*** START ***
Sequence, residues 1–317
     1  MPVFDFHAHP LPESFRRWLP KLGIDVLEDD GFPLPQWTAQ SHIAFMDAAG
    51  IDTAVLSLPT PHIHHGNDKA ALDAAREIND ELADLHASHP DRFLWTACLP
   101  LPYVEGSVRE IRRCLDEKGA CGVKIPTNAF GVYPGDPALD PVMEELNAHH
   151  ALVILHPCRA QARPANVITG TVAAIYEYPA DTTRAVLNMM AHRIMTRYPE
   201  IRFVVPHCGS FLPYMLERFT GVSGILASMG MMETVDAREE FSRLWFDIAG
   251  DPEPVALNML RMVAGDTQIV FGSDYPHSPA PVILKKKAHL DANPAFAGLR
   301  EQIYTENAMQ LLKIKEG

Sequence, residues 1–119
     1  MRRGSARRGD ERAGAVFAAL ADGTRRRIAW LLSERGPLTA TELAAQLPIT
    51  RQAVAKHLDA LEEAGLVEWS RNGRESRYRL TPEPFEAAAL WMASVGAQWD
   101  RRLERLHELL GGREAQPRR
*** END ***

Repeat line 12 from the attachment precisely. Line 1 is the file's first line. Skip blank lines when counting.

   101  RRLERLHELL GGREAQPRR